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Uganda mobile money transfers hit $400m

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KAMPALA – Uganda's central bank last year recorded tremendous increases in the use of mobile money transfer services with the amount transferred by customers hitting one trillion Uganda Shillings ($400m).
The number of registered mobile money customers also increased from 552,000 in 2009 to about 2 million in 2010.
The telecom companies that offer mobile money transfer services are MTN Uganda, Uganda telecom and Airtel.

"As the market grows, Bank of Uganda will continue to strengthen its oversight of these services, with particular attention paid to those banking institutions through which the funds are transferred, to protect customer's funds and reduce the risk of disruption to other financial services," indicated Robert Mbabazire the BOU assistant director supervision.
The use of mobile money transfers started in Uganda in March 2009 and participating firms are required to have a robust risk management framework.
Though rumours have it that some mobile money agents reimburse fake money to their customers due to lack of technology.

"We shall critically look into that matter. It's mainly because most of the agents lack technology," promised Bernard Ssekabira the BOU director supervision.
The bank stated that in 2010, commercial bank profits went up as a result of an improvement of the cost to income ratio from 82.2% at the end of 2009 to 70.7% at the end of 2010.
The banks earnings also increased to Ush268.7b ($107m) compared to Ush236.1b ($94.4m) in December 2010. Reduced volumes of losses were recorded by some new banks and consequently, all the major indicators of profitability for new banks improved markedly. Return on assets improved to 3% and return on equity rose to 16.9% from 12.7% as at the end of December 2009.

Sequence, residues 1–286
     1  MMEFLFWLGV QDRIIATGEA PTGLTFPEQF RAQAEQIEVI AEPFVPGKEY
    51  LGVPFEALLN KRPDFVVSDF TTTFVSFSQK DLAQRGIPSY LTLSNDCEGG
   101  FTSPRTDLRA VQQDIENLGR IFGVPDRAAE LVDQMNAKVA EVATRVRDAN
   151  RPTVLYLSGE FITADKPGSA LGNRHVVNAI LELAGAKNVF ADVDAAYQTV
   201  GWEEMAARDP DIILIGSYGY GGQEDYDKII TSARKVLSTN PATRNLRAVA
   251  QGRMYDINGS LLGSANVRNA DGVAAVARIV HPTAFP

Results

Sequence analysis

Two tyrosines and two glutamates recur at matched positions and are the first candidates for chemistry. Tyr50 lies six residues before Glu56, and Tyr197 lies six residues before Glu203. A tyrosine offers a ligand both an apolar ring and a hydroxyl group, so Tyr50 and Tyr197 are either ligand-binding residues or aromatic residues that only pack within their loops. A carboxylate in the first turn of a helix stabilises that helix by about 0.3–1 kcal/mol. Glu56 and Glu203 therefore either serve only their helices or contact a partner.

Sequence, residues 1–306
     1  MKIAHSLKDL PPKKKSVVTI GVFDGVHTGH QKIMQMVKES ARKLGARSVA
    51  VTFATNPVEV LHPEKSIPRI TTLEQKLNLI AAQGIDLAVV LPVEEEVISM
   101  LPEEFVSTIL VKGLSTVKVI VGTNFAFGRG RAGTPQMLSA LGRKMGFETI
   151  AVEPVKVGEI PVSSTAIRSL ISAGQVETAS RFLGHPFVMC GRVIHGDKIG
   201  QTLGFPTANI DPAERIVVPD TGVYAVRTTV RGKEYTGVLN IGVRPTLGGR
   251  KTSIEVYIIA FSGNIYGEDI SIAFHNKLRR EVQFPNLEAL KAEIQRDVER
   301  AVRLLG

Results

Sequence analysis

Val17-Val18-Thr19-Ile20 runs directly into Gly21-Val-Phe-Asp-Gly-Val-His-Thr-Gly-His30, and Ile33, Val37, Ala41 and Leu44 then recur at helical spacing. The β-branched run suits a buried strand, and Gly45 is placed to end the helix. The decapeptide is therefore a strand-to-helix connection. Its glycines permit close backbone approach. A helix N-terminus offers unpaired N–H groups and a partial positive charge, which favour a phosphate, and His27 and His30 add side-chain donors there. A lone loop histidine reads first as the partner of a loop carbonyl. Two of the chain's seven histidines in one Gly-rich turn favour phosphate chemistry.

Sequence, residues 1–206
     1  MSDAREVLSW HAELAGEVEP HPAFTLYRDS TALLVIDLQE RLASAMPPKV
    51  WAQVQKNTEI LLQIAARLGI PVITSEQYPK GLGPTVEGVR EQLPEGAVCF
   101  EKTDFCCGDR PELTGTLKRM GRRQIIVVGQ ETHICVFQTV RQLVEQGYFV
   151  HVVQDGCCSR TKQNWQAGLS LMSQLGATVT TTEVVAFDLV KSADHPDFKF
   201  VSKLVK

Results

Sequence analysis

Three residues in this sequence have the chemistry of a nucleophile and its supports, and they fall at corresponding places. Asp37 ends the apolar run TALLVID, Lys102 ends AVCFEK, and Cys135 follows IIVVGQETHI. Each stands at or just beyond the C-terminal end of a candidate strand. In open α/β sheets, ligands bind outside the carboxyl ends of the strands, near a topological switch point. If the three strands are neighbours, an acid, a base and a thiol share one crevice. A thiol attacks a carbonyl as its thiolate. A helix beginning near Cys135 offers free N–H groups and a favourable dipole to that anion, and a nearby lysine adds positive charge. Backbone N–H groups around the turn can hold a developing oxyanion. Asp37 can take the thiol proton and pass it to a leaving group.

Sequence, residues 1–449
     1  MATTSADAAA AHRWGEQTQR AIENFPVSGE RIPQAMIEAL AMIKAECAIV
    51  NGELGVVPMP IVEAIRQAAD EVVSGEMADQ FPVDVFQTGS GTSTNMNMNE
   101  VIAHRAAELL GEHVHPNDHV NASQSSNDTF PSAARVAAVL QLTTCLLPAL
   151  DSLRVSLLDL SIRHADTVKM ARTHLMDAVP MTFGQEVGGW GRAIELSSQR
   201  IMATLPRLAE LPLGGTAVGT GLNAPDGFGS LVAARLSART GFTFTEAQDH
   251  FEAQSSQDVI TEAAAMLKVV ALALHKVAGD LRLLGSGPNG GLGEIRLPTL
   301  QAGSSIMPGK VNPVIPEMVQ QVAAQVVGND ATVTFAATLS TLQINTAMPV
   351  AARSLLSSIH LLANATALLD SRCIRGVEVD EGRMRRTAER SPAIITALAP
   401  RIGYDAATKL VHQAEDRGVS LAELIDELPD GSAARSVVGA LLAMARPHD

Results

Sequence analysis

"Using the returns submitted by banks, stress tests were conducted to estimate the effect of specific shocks on bank's soundness.
The tests were aimed at determining the losses which banks would incur, and the consequent impact of these losses on their capital," added Mbabazire.
It was noted that there was a decline in net interest margin, decrease in interest income on government securities, depreciation of the Uganda shilling against the US dollar, increase in non-performing loans and 100% loan loss of each bank's largest borrowers.

Adverse shocks to net interest income, income received from government securities, increase in non- performing loans and depreciation of the Uganda shilling all have roughly similar impact on the capital position of the banking system.

For each of these shocks, the capital adequacy of only two banks is pushed below the statutory minimum, with the overall capital shortfall being in the range of Ughs154m to Ugsh807m.
The resultant shortfall is considered minor given that Uganda's banking system has an aggregate total capital of Ugsh1, 473b.

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